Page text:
Dr. Sandi Farris of Harmony Veterinary helped the teams identify issues that arise during interaction between humans and animals.

The Wizard Piggies are dealing with the problem of deer and vehicle collisions, while the Vikings looked into the often expensive problems of horse tack.

Both teams worked cooperatively to program LEGO Mindstorm robots to run a tough challenge course, completing as many missions and racking up as many points as possible in the three-minute heats which determine robot rankings and test robot designs under pressure.

At regionals, the students will present their research findings and prototypes to a judges panel, then explain their programming and building decisions.

They’ll also have to work a surprise challenge that tests team communication, cooperation, and self-discipline without coaches or mentors to help them.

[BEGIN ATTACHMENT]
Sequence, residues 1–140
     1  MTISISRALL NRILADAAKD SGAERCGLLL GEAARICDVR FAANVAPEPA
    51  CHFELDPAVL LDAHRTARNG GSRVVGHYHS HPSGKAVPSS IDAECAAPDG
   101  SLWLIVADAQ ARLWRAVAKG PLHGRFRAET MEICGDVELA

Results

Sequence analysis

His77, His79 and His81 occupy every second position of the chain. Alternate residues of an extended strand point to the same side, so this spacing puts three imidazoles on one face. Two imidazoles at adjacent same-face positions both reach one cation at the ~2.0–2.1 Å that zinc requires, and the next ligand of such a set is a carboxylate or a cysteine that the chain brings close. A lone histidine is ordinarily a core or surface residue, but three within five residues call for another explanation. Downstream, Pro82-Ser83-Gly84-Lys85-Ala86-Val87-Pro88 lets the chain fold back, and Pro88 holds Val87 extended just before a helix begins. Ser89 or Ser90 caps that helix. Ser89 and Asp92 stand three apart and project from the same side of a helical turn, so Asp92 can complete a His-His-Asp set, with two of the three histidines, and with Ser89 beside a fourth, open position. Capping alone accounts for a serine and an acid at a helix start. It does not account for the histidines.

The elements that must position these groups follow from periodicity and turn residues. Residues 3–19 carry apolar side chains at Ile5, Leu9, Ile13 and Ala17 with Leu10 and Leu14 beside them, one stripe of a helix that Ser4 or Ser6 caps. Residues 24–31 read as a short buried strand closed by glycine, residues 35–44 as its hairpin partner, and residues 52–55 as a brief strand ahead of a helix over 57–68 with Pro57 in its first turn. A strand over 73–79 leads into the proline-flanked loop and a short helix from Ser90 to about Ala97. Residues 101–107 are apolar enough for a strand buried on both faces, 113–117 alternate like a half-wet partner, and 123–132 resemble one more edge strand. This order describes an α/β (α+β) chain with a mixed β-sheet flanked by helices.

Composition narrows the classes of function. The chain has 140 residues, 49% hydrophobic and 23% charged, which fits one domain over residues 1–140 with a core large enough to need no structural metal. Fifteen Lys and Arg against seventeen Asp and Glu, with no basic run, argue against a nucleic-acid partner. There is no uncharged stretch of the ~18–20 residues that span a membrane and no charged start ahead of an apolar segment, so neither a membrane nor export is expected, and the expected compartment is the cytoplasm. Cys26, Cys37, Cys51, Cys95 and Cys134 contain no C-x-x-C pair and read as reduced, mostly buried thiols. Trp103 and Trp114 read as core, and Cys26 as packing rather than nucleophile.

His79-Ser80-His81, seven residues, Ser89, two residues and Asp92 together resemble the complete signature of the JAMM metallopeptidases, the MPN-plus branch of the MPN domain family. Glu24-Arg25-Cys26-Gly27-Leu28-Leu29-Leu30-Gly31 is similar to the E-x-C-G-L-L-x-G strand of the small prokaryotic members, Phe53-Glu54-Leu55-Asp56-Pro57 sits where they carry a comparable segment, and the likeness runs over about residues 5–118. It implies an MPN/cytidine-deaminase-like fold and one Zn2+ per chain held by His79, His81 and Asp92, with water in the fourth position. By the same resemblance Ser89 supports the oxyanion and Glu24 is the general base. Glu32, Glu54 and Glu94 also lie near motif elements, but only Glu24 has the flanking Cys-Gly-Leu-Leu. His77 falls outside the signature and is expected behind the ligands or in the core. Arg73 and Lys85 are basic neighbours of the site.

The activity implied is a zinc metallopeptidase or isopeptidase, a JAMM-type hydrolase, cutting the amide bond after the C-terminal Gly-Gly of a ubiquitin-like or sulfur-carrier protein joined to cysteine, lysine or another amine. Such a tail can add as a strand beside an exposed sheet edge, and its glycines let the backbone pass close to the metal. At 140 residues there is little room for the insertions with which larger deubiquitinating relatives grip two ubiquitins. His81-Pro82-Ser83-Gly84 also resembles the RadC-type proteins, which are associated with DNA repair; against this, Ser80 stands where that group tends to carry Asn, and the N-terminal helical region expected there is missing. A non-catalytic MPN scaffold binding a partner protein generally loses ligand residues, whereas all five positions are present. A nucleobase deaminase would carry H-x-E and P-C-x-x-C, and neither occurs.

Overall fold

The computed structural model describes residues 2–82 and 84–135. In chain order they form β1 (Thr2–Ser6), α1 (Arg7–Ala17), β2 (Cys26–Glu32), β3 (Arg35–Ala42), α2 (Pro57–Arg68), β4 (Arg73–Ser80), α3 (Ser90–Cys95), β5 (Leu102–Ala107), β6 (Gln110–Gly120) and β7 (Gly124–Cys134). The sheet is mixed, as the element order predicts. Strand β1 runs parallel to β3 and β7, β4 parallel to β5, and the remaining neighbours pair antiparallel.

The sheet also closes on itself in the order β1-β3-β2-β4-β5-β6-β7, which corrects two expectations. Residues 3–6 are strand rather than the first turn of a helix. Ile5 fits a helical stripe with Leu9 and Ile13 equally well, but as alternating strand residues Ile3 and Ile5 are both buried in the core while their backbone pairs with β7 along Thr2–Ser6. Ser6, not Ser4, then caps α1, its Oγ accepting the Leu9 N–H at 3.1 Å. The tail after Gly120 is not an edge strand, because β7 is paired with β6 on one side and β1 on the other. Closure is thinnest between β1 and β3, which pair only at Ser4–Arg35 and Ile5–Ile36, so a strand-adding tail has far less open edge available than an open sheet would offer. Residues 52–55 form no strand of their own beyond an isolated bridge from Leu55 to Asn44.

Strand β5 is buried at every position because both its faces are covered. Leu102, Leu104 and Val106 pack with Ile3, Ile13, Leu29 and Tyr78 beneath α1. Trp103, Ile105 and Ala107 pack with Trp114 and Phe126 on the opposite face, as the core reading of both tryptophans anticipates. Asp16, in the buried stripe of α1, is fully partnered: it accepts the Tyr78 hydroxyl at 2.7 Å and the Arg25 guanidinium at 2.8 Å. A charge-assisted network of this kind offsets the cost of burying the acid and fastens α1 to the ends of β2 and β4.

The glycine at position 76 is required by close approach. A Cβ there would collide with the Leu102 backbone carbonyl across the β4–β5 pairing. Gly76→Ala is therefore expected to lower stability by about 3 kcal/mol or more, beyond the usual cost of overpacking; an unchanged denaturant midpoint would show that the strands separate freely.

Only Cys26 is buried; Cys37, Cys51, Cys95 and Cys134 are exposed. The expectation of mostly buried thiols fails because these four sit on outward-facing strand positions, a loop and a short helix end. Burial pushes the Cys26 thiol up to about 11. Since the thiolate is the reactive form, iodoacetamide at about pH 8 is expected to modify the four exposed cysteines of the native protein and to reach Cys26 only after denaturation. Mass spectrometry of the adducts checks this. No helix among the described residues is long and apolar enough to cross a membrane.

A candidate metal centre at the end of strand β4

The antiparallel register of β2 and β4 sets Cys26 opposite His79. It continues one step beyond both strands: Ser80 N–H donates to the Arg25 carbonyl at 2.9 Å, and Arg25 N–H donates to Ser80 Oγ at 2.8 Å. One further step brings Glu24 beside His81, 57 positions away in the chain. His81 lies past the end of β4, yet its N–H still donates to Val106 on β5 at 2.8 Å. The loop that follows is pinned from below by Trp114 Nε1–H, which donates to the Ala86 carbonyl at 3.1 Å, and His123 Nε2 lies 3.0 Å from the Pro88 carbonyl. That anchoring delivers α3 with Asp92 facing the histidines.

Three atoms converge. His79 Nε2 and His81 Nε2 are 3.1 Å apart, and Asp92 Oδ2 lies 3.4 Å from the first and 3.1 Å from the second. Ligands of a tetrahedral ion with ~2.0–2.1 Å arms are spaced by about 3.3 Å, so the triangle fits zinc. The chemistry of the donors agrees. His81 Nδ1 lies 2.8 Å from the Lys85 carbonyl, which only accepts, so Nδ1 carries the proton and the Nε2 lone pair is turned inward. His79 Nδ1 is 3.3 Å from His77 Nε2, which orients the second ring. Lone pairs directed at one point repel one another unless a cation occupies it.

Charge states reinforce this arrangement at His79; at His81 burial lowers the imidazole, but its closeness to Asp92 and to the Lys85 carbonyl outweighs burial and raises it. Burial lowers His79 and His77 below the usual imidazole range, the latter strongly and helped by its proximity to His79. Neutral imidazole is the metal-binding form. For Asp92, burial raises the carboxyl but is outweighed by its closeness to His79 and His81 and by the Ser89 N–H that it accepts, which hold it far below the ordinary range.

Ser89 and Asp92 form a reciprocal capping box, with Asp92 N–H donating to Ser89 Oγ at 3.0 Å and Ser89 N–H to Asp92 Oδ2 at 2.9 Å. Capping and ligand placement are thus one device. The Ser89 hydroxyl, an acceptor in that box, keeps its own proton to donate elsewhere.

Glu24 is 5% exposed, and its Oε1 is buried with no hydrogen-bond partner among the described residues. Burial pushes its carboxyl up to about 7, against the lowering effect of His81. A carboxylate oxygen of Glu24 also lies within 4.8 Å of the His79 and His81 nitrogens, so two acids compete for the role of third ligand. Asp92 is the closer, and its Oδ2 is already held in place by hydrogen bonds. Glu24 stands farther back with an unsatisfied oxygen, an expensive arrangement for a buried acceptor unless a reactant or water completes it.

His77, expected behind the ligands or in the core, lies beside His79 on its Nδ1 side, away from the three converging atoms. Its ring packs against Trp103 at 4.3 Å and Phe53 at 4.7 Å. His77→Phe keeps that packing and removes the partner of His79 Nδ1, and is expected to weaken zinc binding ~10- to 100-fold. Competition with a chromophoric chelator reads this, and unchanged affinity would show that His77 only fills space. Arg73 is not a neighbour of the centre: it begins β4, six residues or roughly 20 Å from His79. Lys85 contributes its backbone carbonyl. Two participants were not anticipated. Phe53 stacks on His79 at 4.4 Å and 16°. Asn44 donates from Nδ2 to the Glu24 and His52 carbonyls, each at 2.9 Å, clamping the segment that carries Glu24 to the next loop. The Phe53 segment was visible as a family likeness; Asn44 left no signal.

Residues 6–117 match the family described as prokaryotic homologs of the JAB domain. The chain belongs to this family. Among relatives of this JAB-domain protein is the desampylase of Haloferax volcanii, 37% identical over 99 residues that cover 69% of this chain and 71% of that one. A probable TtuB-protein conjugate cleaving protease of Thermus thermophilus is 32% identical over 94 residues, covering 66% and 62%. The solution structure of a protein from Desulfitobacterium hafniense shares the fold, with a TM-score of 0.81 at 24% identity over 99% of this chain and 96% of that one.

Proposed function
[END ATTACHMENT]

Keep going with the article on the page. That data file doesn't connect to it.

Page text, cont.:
This year’s teams (last names included if provided):

Brick Vikings:

Gwen Gustafson
Hope Sinclair
Skyler
Mike
Alex N.
Jesse Cowan
Ethan
Katja Willeford
(coach)
Taleena Sinclair
(coach)

Wizard Piggies:

Alita Blouin
Ryan
Aiden
Joven Light
Alex Wasik
Hayden
Quinten
Vivian Farris
Wesley Cowan
Mark Noste
(coach)
Wendy Wasik
(coach)

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Sophomore Tyler McCalmont (John Fisken photos)

   Sophomore lineman Tyler McCalmont has 16 tackles and a sack in his first season as a Wolf. (John Fisken photo)

Football runs in the family for Tyler McCalmont.